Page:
The lower cost means that businesses, in particular, would have every incentive to dump workers from their current health insurance plan into the government plan. And, if other provisions of the bill make insurance more expensive, as is likely, the incentive for employers to shift workers to the government plan would be even greater. Estimates suggest that nearly 90 million workers could eventually be forced into the government plan.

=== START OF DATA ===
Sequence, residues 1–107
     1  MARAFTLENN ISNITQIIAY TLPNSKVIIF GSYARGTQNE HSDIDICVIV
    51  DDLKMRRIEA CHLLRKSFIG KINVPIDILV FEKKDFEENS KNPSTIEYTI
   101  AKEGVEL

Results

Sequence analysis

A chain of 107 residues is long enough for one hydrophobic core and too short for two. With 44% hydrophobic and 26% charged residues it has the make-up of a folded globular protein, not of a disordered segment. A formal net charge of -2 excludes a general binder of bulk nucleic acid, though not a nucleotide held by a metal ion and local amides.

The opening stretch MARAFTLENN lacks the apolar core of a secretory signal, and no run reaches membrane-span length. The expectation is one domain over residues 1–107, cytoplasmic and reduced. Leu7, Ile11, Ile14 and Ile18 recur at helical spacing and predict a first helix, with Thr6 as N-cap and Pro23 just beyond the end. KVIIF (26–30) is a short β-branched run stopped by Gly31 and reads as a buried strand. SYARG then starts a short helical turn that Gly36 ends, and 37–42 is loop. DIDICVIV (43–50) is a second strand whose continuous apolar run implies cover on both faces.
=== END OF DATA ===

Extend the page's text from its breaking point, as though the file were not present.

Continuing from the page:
It is an economic misconception (or deliberate misrepresentation, depending on your level of skepticism) that introducing a “competing” public plan will somehow achieve lowered costs, but not drive out private providers.
Government-run programs are not subject to regular economic forces, and do not have the same operating constraints borne by private sector enterprises, allowing them to do exactly as Mr. Tanner suggests. To believe otherwise is to live in economic fantasyland.